Recently I have re-written a multiplayer game engine I wrote a couple of years ago to use sessions with the Azure Service Bus. I did not see a performance change in the handling of the messages in regards to elapsed time, but the pattern made the solution more scalable, more robust and less complicated. The re-write was inspired after a talk I attended by Dan Rosonova on Advanced Messaging Scenarios with Azure Service Bus Messaging. Thanks Dan!
In the previous platform, I have multiple worker roles running a collection of threads. Each thread is created to monitor and actively handle the interaction between 2+ players. This worked but I had to build in a mechanism to spawn a thread when a new game was started and to handle situations where the thread or the worker role might stop unexpectedly. The engine supports games that span multiple days so being able to load the game state on demand was also important.
I re-worked this to use the ability of the Service Bus to register a session handler in the worker role and to handle each game as a session (IMessageSessionHandler). The advantage over the previous implementation was instead of having a thread per game always active and waiting for messages from players, I now have a mechanism to launch handlers (i.e., threads) as messages were published to the Service Bus. As the hosted games could span days, this was a huge benefit.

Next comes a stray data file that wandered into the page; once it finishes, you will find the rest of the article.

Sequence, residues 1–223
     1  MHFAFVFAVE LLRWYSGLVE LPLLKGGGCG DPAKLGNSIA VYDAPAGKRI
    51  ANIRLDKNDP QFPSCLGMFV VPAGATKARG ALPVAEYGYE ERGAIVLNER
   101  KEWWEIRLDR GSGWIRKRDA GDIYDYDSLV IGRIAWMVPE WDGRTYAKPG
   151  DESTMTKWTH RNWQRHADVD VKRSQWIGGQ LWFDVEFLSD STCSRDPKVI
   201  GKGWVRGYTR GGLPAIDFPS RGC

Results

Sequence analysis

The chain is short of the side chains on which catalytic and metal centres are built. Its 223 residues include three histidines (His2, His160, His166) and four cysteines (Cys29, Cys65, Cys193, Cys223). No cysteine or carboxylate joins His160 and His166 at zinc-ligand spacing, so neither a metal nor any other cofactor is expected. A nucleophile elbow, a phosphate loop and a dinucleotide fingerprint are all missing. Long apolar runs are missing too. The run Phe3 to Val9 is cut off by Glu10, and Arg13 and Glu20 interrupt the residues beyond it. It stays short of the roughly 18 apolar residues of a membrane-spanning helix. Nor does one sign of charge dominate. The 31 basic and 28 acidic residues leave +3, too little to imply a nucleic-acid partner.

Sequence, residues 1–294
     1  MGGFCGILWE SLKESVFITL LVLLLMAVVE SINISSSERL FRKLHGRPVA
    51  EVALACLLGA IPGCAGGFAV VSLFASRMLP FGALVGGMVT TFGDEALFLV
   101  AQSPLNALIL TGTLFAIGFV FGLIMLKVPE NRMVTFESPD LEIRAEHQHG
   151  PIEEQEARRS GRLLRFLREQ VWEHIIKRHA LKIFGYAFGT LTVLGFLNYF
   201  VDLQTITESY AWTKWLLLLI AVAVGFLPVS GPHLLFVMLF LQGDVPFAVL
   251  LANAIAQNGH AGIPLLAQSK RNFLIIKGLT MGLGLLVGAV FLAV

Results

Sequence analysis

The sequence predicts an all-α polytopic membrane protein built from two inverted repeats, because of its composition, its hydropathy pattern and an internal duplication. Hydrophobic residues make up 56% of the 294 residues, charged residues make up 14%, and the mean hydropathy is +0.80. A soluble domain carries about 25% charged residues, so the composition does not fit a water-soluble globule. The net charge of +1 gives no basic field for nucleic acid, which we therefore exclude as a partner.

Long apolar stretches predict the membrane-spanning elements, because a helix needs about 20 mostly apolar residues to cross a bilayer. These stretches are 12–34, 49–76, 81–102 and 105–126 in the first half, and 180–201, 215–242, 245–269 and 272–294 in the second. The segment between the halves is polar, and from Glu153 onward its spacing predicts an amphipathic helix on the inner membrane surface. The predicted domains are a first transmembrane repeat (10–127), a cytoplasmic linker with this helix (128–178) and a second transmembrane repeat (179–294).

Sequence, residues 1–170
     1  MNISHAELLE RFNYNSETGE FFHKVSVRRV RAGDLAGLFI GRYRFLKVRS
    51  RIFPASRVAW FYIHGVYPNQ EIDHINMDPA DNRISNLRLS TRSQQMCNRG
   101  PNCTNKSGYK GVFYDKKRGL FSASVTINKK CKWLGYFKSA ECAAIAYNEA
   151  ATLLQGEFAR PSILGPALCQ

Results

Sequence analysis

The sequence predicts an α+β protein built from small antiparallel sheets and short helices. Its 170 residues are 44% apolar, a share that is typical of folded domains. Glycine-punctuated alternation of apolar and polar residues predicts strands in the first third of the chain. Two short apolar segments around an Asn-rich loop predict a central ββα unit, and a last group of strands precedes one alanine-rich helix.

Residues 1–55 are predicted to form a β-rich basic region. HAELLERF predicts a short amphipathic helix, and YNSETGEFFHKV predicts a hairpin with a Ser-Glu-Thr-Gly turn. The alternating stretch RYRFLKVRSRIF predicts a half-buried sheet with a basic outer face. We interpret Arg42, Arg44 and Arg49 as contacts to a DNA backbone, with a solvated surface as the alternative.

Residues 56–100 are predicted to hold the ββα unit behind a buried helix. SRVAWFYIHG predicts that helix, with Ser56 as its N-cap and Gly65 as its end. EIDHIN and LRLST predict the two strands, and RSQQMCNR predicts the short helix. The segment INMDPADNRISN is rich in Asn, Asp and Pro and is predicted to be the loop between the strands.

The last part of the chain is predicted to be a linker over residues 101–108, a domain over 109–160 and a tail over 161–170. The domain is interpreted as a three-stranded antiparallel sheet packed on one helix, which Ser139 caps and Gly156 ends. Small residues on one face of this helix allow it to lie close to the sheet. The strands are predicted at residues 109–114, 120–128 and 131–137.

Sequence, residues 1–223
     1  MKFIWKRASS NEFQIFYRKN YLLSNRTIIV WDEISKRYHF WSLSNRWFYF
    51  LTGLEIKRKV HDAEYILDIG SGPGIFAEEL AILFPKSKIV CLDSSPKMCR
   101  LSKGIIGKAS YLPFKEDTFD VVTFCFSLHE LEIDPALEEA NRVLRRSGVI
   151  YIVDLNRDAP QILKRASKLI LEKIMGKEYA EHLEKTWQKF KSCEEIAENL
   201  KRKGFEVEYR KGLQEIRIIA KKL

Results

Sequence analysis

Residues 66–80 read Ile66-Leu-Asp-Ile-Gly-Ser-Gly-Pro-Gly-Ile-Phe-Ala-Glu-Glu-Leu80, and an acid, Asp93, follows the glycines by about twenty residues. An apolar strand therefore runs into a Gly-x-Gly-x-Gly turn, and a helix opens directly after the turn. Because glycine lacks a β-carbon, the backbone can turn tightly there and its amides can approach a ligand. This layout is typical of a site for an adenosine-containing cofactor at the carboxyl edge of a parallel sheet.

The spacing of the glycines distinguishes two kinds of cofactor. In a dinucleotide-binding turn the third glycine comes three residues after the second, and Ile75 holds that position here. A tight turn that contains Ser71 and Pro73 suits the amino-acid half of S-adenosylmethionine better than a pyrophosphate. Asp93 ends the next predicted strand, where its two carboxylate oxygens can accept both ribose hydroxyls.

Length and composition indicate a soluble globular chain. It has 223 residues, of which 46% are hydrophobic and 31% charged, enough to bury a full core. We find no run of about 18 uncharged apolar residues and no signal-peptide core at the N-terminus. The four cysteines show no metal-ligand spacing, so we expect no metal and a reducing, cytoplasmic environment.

I thought this was really cool so I distilled the essence of this into a MSDN Sample Project: Turn-based Game Engine built on Azure Service Bus.
The project implements tic-tac-toe to show how a session handler could be used to spawn a game engine for new games and when games are started again after an elapsed period of time.
The persistence was implemented by using Azure Table Storage. This meant that game state only lives on the server so the messages from the clients (re., players) would only consist of the move they made. The result of the move would then be persisted into storage and the result pushed back to the players.
Hope you enjoy!